W.T. Edmondson late of Department of Zoolo-gy, University of Washington, NJ-15, Seattle,Washington 981965, USA

    Marlene S. Evans National Water ResearchInstitute, 11 Innovation Boulevard, Sakatoon,Saskatchewan S7N 3H5, Canada

    Ramesh D. Gulati Netherlands Institute ofEcology Centre for Limnology, Rijksstraatweg6, 3631 AC Nieuwersluis, The Netherlands

  • viii contributors

    Patrick OSullivan School of Earth, Oceanand Environmental Sciences, University of Plymouth, Drake Circus, Plymouth PL4 4AA, UK

    G.L. Phillips Centre for Risk and Forecasting,Environment Agency, Kings Meadow House,Reading RG1 8DQ, UK

    Walter Rast Aquatic Station, Department ofBiology, Texas State University, 601 UniversityDrive, San Marcos, TX 78666, USA

    Wilhelm Ripl Technische Universitt Berlin,Fachgebiet Limnologie, Hellriegelstrasse 6, D-14195 Berlin, Germany

    Heikki Simola Karelian Institute, Universityof Joensuu, PO Box 111, Fl-80101 Joensuu, Finland

    Milan Straskraba late of The Academy ofSciences of the Czech Republic and the University

    of South Bohemia, Cesk Budejovice, Czech Republic.

    Jeffrey A. Thornton Southeastern WisconsinRegional Planning Commission, PO Box 1607,Waukesha, Wisconsin 53187, USA

    Ellen Van Donk Netherlands Institute of Ecology Centre for Limnology, Rijksstraatweg 6, 3631 AC Nieuwersluis, The Netherlands

    W.D. Williams late of Department of Environ-mental Biology, University of Adelaide, Adelaide,SA 5005, Australia

    Helen M. Wilson School of Earth, Ocean andEnvironmental Sciences, University of Plymouth,Drake Circus, Plymouth PL4 4AA, UK

    Klaus-Dieter Wolter Technische UniversittBerlin, Fachgebiet Limnologie, Department ofLimnology, Hellriegelstrasse 6, D-14195 Berlin,Germany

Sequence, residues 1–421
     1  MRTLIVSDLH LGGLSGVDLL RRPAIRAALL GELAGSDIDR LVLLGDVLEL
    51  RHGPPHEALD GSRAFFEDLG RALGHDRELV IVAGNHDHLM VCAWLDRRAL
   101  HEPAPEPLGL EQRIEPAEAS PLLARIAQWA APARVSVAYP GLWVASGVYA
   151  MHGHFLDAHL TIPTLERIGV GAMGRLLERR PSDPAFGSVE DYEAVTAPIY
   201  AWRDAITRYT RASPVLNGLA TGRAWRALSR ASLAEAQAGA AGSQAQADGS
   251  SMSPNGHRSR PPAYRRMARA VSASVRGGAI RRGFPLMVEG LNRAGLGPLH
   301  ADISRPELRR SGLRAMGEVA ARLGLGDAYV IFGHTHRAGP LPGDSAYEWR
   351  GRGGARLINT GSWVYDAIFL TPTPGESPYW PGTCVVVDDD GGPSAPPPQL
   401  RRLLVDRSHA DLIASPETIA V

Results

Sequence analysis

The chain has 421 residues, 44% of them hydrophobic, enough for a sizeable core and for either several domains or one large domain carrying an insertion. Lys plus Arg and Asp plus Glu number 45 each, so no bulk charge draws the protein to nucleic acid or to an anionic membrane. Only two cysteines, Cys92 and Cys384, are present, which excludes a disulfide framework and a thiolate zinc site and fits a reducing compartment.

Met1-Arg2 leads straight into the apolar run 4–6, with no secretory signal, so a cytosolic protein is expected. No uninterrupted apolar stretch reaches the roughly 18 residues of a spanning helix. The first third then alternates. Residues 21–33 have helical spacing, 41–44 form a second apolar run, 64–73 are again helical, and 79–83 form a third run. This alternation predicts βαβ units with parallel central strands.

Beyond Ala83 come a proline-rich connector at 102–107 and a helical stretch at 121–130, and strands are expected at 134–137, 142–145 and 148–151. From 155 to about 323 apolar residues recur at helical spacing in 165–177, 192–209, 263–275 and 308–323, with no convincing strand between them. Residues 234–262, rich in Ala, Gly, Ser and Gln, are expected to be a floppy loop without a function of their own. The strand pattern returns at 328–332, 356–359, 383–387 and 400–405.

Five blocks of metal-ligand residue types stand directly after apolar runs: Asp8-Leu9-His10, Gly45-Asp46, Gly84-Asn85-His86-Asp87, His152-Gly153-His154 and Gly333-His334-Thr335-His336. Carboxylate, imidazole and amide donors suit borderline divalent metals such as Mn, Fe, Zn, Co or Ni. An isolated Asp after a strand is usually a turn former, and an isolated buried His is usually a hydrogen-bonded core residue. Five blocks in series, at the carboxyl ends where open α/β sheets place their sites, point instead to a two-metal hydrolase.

• Part I General Issues

  • 1.1 INTRODUCTION

    In Volume 1 of this book, we examined:1 lake physical and chemical processes (the natureand origin of lakes themselves, the relationship be-tween lakes and their surrounding water table andwith their catchments, lake hydrodynamics andsedimentation);2 limnetic ecology (the nature and role of themajor classes of organisms found in freshwaterlakes phytoplankton, zooplankton, macroben-thos, pelagic microbes and fish as well as wholelake communities).In this volume, we discuss the general impact ofhuman societies upon lakes, as well as that experi-enced by lakes of selected parts of the Earth North America (and Lake Washington inparticular), the Nordic and Alpine regions of Europe, Lake Baikal (by volume by far the worldslargest lake), the arid zone in general, and LatinAmerica. We then go on to examine the problemscreated by human use of various different kinds oflake shallow bodies of both the temperate zoneand the tropics, reservoirs and other artificial bodies.

    The volume then continues with an examina-tion of measures developed over the past 30 yearsin order to combat eutrophication (the most wide-spread environmental problem created by humanimpact on lakes, on a catchment scale), especiallythe use of catchment models to predict nutrientloadings from the land upon lakes, and of steadystate and dynamic models better to unders